Judge rejects legal challenges to Northern Ireland Protocol

Legal challenges against the lawfulness of Brexit’s Northern Ireland Protocol have been dismissed by a High Court judge in Belfast.

Mr Justice Colton rejected arguments that the contentious post-Brexit trading arrangements breached the terms of the 1800 Acts of Union and the 1998 legislation that underpins the Good Friday Peace Agreement.

In a lengthy judgment, the judge agreed with the applicants’ contention that the Brexit Withdrawal Act, in which the Protocol is enshrined, conflicted with the 1800 Acts of Union.

But he ruled that both were constitutional legislation and said that the Withdrawal Act, which was expressly agreed by Parliament, effectively overrode the provisions of the 200-year old law.

The judge also dismissed the arguments put forward by the applicants that the Protocol breaches key provisions of the 1998 Northern Ireland Act, in particular related to the consent mechanisms contained in the law that flowed from the historic peace deal of 23 years ago.

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TUV leader Jim Allister, former Brexit Party MEP Ben Habib and Baroness Hoey outside Belfast High Court after a judge dismissed their legal challenge against the Protocol (Niall Carson/PA).

He ruled the Protocol did not breach articles 1 and 42 of the Act.

The judge also refused the judicial review ground that Northern Ireland citizens’ human rights are being breached by being unable to influence the EU laws that apply in the region, by not being able to elect MEPs to the European Parliament.

He also rejected the argument that the terms of the Northern Ireland Protocol breach EU law.

The lead judicial review case was pursued in the names of unionists and Brexiteers from across the UK, including former DUP leader Arlene Foster, former UUP leader Steve Aiken, TUV leader Jim Allister, Belfast Agreement architect Lord Trimble, former Brexit Party MEP Ben Habib and Baroness Hoey.

An adjoined case was taken by Belfast pastor Clifford Peeples.

Both were dismissed by the judge in Belfast on Wednesday.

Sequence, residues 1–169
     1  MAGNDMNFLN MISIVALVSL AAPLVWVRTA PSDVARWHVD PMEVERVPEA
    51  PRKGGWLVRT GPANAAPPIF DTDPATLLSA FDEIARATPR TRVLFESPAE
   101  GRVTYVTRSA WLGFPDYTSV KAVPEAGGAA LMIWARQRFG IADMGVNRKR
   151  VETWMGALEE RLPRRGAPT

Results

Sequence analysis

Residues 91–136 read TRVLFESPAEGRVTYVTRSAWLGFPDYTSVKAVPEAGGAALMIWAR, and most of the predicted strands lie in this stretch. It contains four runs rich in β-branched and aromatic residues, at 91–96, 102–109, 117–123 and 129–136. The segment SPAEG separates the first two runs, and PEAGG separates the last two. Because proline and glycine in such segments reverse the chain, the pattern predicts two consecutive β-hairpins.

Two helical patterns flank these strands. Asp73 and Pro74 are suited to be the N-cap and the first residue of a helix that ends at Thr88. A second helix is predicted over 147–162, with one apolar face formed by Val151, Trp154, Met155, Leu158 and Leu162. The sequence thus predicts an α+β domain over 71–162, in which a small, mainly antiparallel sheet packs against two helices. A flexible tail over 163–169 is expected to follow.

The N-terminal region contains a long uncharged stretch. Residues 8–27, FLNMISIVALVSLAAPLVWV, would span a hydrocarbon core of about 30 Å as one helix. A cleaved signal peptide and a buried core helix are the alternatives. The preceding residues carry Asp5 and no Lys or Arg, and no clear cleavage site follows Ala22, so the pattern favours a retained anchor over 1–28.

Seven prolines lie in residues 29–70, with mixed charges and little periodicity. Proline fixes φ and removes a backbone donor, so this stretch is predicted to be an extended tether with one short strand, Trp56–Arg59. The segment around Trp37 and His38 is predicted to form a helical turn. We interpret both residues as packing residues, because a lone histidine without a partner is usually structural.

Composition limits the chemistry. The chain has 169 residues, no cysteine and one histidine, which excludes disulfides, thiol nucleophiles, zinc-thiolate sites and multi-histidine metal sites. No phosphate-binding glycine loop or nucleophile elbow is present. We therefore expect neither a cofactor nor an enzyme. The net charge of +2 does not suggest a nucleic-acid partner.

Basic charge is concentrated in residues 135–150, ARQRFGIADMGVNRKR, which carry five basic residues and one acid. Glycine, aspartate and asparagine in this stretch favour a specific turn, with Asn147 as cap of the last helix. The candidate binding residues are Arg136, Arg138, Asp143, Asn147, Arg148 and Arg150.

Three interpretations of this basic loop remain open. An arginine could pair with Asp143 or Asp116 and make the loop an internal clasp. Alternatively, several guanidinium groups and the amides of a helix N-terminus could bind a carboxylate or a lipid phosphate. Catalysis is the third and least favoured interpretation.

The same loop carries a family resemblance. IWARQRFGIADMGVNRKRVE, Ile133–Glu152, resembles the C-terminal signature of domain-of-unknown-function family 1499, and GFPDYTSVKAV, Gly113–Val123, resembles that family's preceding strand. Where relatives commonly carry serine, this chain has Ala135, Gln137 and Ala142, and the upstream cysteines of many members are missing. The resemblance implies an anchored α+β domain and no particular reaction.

The Protocol is deeply unpopular with unionist and loyalists in Northern Ireland as it creates a trade border between the region and Great Britain and means EU rules governing trade in goods still apply in Northern Ireland.

A key plank of the legal case before the High Court hinged on the contention that Article 6 of the Acts of Unions, which enshrines that no part of the United Kingdom should be treating differently to the rest in respect of trade access, has been breached by the Protocol.

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Loyalists in Northern Ireland are angry at new trade barriers between the region and the rest of the UK (Brian Lawless/PA).

Significantly, Mr Justice Colton determined that the Acts of Union and the Brexit withdrawal legislation were both laws of a constitutional character.

He said his role was therefore to rule on which one should prevail in law.

The judge said a starting point, based on fundamental legal principles, was that the most recent legislation should take precedence.

“Much constitutional water has passed under the bridge since the enactment of the Act of Union,” he said, noting that Ireland had been partitioned since that law was passed.

The judge said there was no legal precedent whereby the Acts of Union had operated to “nullify a subsequent act of Parliament”.

He said there was however capacity within the UK’s constitutional arrangements for the “implied repeal” of statute with the passing of latter laws.

Concluding on that issue, he said: “The Acts (2018 and 2020 Withdrawal Agreement Acts) have been approved and implemented pursuant to the express will of Parliament and any tension with Article Six of the Act of Union should be resolved in favour of the agreement acts of 2018 and 2020.”

Outside court, Mr Allister confirmed the ruling would be appealed, with a case potentially set for the Supreme Court.

“This battle is far from over because we refuse to accept that the Union is over, which is the message of the Protocol,” he said outside Belfast High Court.

Baroness Hoey added: “We are committed to carrying this on because I think today’s judgment really has shown that the people of Northern Ireland need to wake up to the fact that the Union now has been broken and that we are going to have to fight back.

“So can I thank everybody in Northern Ireland who has given us support and make it absolutely clear that this is only the beginning of the legal challenge and also of people’s protests against what has been done to us without our consent.”

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Mr Habib said Prime Minister Boris Johnson had to act.

“The judge found against us on every ground but, crucially, what he found was the Act of Union Article 6, a fundamental part of the Act of Union 1800, no longer exists, that Northern Ireland and Great Britain have effectively been severed by the Protocol,” he said.

“It seems to have just gone through Parliament without even the Prime Minister recognising that his own act, the Northern Ireland Protocol, has actually broken the union of the United Kingdom.

“He denied it in the Commons the other day but actually that’s precisely what this High Court has just ruled, the union of the United Kingdom has been broken.”

He added: “The only positive that you might put on it (the court ruling) is we do now officially know that the union of the United Kingdom has been trampled on by the Protocol, that the union has been broken.

“At least that now is out in the open, that’s out in the open.

“The Prime Minister has to face up to the reality that his own judicial system has said that the union of the United Kingdom has been broken and he has to grapple with it, he needs to put that right.”